Dr. Michael K. McLendon
Dean, School of Education
Winston Churchill — who knew something about the enabling effects of courage — wrote: “Courage is rightly esteemed the first of human qualities because it is the quality which guarantees all others.” These words seem especially well suited for the era in which we educators live. If indeed courage is needed most when change is most deeply felt, then this “first of human qualities” should prove indispensable as schools of education — in particular, our School of Education at Baylor — consider how best to respond to recent changes on the education landscape.
For example, Congressional passage of the Every Student Succeeds Act (ESSA) has shifted to the states significant authority for setting educational standards and holding schools accountable for their progress. With the pendulum of control for education having swung toward states, Texas can make decisions formerly prescribed by ESSA’s predecessor, the No Child Left Behind (NCLB) Act.
As if on cue, the Texas Commission on Next Generation Assessments and Accountability in January began convening at the Capitol. This Blue-Ribbon body, on which I serve, is charged with making legislative recommendations for new learning standards, student assessments, and accountability systems for schools.
Thirdly stands the issue of higher education’s future — a future that once was universally envied but today appears clouded by concerns for the sector’s direction, priorities and financial sustainability. The recent formation of a high-level commission on college costs speaks to the prominence of these concerns in our state.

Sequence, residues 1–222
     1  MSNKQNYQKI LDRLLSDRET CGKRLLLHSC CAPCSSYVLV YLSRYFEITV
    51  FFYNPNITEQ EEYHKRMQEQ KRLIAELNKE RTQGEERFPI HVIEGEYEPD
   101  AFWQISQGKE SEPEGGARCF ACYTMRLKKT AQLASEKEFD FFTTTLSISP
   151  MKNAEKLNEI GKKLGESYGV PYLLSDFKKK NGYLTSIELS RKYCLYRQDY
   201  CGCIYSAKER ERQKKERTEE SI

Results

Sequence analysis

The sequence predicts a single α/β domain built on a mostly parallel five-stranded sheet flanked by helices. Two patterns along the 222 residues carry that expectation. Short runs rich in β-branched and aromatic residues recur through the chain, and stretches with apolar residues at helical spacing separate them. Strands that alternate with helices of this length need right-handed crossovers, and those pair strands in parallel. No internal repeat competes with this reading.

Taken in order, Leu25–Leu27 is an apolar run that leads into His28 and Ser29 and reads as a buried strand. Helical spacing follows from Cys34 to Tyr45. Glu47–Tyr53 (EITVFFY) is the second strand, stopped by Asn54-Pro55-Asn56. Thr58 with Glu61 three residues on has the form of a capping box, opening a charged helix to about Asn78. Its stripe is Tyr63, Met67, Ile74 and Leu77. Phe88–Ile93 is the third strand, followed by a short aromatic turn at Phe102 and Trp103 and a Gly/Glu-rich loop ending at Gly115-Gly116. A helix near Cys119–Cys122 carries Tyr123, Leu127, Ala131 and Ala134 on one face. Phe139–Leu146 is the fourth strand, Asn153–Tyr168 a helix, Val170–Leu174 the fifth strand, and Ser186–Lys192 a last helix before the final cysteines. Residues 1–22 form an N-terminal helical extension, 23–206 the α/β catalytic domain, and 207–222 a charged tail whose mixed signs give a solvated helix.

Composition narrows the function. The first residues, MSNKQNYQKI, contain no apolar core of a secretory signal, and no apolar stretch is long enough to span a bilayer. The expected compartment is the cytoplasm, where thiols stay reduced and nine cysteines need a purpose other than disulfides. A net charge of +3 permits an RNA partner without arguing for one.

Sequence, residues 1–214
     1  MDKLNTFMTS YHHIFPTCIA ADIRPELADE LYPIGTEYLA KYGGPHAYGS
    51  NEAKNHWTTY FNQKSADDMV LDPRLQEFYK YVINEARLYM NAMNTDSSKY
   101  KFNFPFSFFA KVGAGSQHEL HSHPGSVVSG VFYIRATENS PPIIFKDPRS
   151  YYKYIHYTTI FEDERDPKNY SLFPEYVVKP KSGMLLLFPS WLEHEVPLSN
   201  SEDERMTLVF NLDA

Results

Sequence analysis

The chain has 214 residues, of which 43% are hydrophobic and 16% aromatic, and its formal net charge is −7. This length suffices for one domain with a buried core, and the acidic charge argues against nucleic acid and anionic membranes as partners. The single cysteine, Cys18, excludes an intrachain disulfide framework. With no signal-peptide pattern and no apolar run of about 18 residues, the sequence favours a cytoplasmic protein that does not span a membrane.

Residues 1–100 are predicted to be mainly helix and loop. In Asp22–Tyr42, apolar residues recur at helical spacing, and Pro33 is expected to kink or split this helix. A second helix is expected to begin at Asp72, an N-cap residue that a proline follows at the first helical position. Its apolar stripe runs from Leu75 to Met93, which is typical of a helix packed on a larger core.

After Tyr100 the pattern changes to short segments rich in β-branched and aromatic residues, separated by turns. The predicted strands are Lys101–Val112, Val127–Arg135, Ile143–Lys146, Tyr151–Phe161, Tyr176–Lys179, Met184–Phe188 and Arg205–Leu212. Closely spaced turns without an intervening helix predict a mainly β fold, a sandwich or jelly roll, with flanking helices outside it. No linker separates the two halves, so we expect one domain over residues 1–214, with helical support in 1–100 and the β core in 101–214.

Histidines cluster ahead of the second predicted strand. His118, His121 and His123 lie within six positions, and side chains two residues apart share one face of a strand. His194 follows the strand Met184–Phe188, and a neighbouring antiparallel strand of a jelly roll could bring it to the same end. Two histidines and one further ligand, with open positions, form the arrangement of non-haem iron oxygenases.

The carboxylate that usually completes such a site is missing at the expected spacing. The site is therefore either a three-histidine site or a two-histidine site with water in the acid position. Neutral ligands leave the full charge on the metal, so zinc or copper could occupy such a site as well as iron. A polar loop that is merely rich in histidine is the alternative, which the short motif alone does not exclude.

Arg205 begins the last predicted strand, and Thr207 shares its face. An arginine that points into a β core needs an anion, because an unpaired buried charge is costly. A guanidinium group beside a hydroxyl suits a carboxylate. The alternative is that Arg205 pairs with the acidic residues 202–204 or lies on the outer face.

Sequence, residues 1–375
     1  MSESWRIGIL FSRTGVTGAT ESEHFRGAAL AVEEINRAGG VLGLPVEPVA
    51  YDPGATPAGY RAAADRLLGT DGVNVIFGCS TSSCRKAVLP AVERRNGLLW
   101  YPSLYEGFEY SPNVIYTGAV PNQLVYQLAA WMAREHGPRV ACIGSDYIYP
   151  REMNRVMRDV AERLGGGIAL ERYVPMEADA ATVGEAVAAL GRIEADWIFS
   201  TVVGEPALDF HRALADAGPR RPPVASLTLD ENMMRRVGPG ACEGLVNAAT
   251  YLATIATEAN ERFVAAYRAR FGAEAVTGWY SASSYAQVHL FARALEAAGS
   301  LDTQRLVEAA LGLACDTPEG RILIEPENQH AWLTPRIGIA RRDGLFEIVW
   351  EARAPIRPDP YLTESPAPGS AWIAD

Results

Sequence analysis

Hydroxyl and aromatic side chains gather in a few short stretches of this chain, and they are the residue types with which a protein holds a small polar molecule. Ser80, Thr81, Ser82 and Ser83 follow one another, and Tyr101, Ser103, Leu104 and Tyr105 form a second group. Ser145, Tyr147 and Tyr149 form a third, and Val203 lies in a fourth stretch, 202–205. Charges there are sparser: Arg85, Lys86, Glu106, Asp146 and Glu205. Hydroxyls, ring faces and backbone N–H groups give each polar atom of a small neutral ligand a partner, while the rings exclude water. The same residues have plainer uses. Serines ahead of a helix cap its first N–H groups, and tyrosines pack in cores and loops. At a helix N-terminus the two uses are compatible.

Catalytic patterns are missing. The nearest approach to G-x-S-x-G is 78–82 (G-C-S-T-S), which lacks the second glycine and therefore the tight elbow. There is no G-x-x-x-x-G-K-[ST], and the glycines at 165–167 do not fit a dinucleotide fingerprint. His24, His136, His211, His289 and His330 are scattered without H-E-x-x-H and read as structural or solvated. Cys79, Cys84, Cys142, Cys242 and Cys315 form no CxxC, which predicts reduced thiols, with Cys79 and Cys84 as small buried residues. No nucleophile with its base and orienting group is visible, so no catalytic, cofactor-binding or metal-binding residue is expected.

Rather than idly observe such developments, our school this year has mustered the courage to ask of itself: “In what ways have we risen to the education challenges of our times? How can we do better? What must we change in order that we can improve learning for all?” Seeing opportunity in the face of change, we have identified new programs we wish to pursue in preparing teachers, leaders and clinicians; areas of research investment we believe will deepen our impact and elevate our visibility nationally; and new partnering opportunities for us to contribute to improvements in education locally.
As we continue during this spring and summer to formulate our plans for the future, I invite you to share with me your hopes and aspirations for the School of Education so together we can courageously address the education changes — and challenges — of our day.